tax penalty

The IRS has the right to assess many different penalties. The agency uses penalties to deter people from breaking the tax code. Some penalties are relatively insignificant dollar amounts, others are a percentage of the tax due, and still others are very severe. There are also criminal penalties, including massive fines and possible imprisonment. 

To help you deal with IRS and state tax penalties, we put together this guide with links to resources with more information. To learn more now or to get help dealing with tax penalties, contact us at Seattle Legal Services, PLLC today.

Penalties for Unpaid Taxes

If you don’t pay your tax bill, the IRS will assess a failure-to-pay penalty. This penalty starts at .5% of your tax bill each month, and it increases to 1% after a period of delinquency. It drops to just .25% if you set up a qualifying payment plan. Interest also accrues on unpaid balances. 

Penalties for Unfiled Taxes

The penalty for not filing your tax return is 5% of the balance due every month, making it 10 times higher than the initial failure to pay penalty. Additionally, you will lose your refund if you don’t file your return within three years of the due date. If the IRS believes that you didn’t file in an attempt to commit tax evasion, you can face criminal charges. 

Underpayment of Estimated Tax Penalties

Self-employed individuals and C-corps are generally required to pay estimated quarterly tax payments. If you don’t pay on time, the IRS will add a penalty and assess interest from the original due date. 

Accuracy-Related Penalties

These penalties generally come into play when the IRS audits your tax return and discovers that you underreported your income significantly. Accuracy penalties can be 20% of the unreported tax liability. You can also incur these penalties for substantial valuation misstatements and for overstatement of pension liabilities. 

Tax Fraud Penalties

Most of the above penalties are civil penalties. Tax fraud, in contrast, can lead to civil or criminal penalties. Possible consequences include fines of up to $100,000 ($500,000 for corporations) and jail time of up to five years.

Penalties for Bounced Checks/Returned Payments

If you send the IRS a bad check or if your bank returns your direct debit payment, the IRS will assess a penalty. As of 2024, the Dishonored Check or Other Form of Payment Penalty is 2% of the payment or a minimum of $25. In addition, this issue can also cause the IRS to put payment plans or offer in compromise agreements into default. 

Penalties for Early Withdrawal of Retirement Accounts

When you take funds out of a retirement account before you reach age 59.5 years, the IRS will assess an automatic 10% early withdrawal penalty. There are some exceptions such as withdrawing the funds from an inherited IRA, but when assessed normally, this is not a penalty that you can get waived.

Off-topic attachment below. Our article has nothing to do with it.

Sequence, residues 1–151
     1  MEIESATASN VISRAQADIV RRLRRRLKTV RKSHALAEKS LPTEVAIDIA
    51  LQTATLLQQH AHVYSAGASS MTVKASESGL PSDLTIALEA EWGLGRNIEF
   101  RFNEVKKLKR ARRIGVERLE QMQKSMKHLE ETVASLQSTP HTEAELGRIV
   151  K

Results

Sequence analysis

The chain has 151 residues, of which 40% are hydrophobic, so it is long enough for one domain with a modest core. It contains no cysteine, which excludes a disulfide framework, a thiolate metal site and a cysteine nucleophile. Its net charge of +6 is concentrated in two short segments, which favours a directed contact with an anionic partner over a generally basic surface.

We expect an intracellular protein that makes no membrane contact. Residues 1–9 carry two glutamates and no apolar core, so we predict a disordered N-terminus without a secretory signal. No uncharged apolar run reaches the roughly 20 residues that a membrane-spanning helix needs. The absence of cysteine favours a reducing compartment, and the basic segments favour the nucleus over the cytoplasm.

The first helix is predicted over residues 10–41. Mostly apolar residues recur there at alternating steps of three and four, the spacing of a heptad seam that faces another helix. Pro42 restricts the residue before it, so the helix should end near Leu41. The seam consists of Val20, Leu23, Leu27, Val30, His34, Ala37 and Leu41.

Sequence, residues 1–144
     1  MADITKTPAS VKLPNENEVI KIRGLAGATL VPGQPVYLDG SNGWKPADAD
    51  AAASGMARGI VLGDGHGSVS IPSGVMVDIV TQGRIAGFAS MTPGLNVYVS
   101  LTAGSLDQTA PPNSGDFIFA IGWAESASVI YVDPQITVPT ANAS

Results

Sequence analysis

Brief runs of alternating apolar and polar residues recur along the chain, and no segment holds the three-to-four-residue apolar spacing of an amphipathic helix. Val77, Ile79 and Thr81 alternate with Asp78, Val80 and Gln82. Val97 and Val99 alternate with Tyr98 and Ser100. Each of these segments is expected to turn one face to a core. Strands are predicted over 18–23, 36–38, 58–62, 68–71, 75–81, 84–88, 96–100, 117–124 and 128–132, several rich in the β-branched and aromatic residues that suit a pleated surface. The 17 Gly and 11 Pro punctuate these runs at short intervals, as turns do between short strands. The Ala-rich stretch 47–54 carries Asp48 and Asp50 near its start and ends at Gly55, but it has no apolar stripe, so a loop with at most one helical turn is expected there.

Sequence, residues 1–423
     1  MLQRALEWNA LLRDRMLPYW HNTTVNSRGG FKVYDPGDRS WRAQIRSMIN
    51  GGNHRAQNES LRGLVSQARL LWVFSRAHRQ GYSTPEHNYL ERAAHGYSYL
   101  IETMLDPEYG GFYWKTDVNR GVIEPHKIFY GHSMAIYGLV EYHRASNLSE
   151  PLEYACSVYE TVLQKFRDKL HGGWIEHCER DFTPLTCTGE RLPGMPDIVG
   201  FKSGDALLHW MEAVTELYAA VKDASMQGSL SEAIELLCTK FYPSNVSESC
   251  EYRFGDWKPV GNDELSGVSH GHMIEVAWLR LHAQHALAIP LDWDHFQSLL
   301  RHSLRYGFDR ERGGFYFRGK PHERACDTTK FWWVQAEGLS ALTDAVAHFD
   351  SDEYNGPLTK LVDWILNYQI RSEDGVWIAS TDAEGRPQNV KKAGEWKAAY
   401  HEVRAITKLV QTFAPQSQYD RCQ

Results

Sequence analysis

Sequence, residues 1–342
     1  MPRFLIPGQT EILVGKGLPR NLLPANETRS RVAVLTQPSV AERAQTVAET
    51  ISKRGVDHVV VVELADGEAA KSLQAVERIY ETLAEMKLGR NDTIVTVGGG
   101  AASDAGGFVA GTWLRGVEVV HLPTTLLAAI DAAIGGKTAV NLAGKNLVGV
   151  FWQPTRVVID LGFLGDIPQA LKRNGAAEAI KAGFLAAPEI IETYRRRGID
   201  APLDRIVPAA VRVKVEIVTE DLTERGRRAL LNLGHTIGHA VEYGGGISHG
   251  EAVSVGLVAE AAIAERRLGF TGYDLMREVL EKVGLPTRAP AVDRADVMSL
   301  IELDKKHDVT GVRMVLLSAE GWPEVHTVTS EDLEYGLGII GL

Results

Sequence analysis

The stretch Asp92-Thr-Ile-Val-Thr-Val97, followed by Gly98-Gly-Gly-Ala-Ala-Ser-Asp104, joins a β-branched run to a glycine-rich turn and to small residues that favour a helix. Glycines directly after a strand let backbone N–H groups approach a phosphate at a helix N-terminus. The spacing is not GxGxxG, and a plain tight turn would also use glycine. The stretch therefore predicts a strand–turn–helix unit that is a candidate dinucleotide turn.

Penalties Related to International Transactions or Assets

The IRS has strict reporting requirements for foreign bank accounts and specified foreign assets. If you don’t report foreign bank accounts as required, you will incur an FBAR penalty which is $10,000 for non-willful violations and $100,000 (or 50% of the account balances if higher) for willful violations. In both cases, these are the penalties from the legal code, and as both penalties are indexed to inflation, they are higher now. 

You can also incur significant penalties if you don’t report certain foreign assets on your income tax return. Under FACTA rules, if you don’t file Form 8938 as required, the penalty can be up to $25,000 and up to five years imprisonment. If you have foreign assets or bank accounts, make sure you work with a tax preparer who understands these rules. 

Criminal Tax Penalties

Criminal tax penalties are also more severe than civil tax penalties. Not only are these penalties higher, but they can also include jail time. Most people are much more likely to face civil penalties than criminal penalties, and if you’re facing criminal charges, you should contact an attorney as soon as possible. 

Navigating Penalty Abatement and Relief

Penalties add up quickly, but in some cases, you can get them abated or waived. In particular, the IRS may agree to waive penalties in the following situations:

  • Reasonable cause — A death, serious illness, or disaster prevented you from filing or paying on time. 
  • First-time abatement — You have been compliant with tax laws and have not claimed first-time abatement in the last four years. 
  • Administrative waiver — The IRS is waiving the penalties due to you being in a federal disaster zone or for a similar reason. 

In some cases, the IRS may waive penalties automatically, but in most cases, you must apply for penalty abatement. You may be able to request penalty abatement over the phone, or you can file Form 843. Your tax attorney can also help you request penalty waivers. 

Get Help With IRS Penalties

If you’re currently dealing with IRS penalties or interest, get help now before your tax liability gets any higher. At Seattle Legal Services, PLLC, we can help you figure out why you’ve incurred penalties and help you make a plan to get rid of them. To learn more, contact us today.